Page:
Who are these men and boys who go into public places and randomly open fire? They are disempowered people, who imagine that shooting others will make them stronger. The only difference with the would-be vigilante is they are waiting for the other guy to shoot first. Or so they say. At a Detroit Home Depot, a vigilante recklessly endangered bystanders in the parking lot by firing at shoplifters who posed no threat to her. How is that different than a shooter using deadly force in response to petty or imagined slights from coworkers or fellow students?

A lone gunman waiting for their Dirty Harry moment, watching the crowd for some punk who feels lucky, is separated from the mass shooter by a hair’s breadth, by the tiniest or even illusory concession to social conventions which the murderer has completely abandoned.

I realize that I have very strong feelings about this subject, which lead me to make gross generalizations. I also realize that it is one of many issues that polorizes America into seemingly irreconcilable camps. If anyone from the opposing camp reads this, I hope they will take away an understanding of what their arguments mean to my side, so that we can communicate better. When you say we should all carry guns to stop shooters, I picture a world full of shooters. Therefore I find your argument horrifying, personally threatening, and infuriating.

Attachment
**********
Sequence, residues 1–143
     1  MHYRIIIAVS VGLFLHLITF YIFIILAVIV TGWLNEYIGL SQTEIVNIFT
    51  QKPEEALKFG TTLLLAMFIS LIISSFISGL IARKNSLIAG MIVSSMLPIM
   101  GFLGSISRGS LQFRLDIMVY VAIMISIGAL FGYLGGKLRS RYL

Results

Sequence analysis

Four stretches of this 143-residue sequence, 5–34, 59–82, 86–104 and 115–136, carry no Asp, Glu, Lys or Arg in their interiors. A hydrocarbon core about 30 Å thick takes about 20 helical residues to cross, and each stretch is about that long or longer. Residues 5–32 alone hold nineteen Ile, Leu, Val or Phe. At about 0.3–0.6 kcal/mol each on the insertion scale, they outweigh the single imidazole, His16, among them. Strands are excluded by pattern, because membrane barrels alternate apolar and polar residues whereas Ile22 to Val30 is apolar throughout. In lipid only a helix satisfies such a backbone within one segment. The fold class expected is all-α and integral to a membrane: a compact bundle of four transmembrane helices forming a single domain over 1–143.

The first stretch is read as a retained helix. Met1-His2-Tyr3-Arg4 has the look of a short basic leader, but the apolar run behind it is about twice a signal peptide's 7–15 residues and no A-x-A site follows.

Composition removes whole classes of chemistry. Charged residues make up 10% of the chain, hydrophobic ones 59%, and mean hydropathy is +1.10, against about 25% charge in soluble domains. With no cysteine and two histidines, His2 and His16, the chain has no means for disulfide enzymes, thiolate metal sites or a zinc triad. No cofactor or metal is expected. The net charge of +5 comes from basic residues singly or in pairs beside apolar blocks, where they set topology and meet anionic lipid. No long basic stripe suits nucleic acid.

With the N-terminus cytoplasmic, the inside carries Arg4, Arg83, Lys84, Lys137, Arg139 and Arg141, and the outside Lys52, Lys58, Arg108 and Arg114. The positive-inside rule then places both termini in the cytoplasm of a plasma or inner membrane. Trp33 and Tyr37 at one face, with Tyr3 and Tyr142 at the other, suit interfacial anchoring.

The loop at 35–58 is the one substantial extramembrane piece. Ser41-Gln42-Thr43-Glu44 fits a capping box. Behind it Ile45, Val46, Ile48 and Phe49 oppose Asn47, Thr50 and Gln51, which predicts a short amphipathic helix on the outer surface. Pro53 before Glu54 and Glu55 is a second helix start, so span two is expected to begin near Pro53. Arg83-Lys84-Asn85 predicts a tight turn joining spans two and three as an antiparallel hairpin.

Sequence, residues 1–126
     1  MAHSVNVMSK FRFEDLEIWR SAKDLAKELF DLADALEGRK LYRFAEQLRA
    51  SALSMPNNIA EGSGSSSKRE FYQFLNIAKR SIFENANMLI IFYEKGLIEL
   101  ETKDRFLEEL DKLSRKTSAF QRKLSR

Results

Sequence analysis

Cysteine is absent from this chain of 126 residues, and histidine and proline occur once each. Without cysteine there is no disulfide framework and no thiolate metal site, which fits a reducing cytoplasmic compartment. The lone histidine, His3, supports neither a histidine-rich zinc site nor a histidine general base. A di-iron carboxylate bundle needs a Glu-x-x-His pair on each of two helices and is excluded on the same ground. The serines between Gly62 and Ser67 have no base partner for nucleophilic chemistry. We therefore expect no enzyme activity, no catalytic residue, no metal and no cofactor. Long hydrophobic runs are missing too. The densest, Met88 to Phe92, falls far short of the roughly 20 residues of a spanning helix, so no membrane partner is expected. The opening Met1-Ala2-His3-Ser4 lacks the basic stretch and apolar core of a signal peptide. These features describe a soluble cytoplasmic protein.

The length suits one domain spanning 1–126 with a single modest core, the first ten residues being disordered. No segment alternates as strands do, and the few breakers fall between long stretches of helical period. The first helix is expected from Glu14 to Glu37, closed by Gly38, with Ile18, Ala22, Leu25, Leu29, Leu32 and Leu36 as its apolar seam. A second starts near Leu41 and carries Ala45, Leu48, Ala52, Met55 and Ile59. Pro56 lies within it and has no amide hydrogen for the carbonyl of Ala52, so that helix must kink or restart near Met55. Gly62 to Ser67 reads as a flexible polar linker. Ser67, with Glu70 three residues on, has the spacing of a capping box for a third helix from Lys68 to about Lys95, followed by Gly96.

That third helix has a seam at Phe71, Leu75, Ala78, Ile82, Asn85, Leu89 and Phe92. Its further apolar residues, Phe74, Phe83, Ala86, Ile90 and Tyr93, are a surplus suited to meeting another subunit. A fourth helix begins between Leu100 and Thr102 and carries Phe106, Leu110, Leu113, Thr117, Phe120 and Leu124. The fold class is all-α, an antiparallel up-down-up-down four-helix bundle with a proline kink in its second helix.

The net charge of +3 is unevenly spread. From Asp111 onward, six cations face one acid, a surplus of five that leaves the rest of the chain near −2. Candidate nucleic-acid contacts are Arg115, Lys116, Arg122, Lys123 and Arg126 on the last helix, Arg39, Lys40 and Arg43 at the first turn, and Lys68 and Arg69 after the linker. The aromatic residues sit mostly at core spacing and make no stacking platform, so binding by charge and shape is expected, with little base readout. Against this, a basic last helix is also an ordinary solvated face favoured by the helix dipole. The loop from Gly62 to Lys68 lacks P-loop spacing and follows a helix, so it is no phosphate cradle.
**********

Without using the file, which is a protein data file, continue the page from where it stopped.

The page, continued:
And now, the promised return to reality. The fact is, mass shootings are not committed by career criminals, with connections and expertise at breaking the law. Mass shootings are committed by desperate, disturbed people, whose bloody visions tip into real life only because deadly weapons are so accessible.

A modicum of sensible regulation is necessary. Not a ban on guns. And no, it won’t eliminate gang violence or mob hits or armed robbery. But it will go a long way toward solving a specific problem that is getting tragically, tragically worse every day.

24 Hour Comic #11: The Crystals of Kwa-Bulawayo

13 10 2015

It’s been awhile since I got to do a 24 hour comic. Last year it was pretty much out of the question with a 3 month old. But this year, the artsy cartoony community of the Twin Cities came through! Organized by the local chapter of The International Cartoonist Conspiracy, hosted by the Minnesota Center for Book Arts, supported by Minneapolis College of Art and Design, and sponsored by The Source Comics and Games, 20-plus artists gathered on October 3rd to take up the challenge.

targetcomickitA couple years ago, as a joke birthday present, some of our new friends gave me a comic making kit for kids. It came with markers, some sound effect rubber stamps, and two 32 page books of blank panels. While designed for kids, it seemed like a great tool for drawing a spontaneous story. Normally I like to draw on much bigger paper, with fewer panels per page, so I knew I would have to change my style to make it work. I stuck to my larger format for the Bunnirah comics, and held the kit in reserve for a completely spontaneous story. I tried for a pared down style that would read well as very small images. I had a half-formed notion of doing the whole thing after the fashion of Chris Ware’s semi-stick figures, with a static camera, but I didn’t stick to it. I also thought I might have a page or two with lunatic colors and rubber-stamped effects, but that didn’t happen either. Still, I think there are a couple pages with very effective interaction between panels and content. I’m happy with it overall.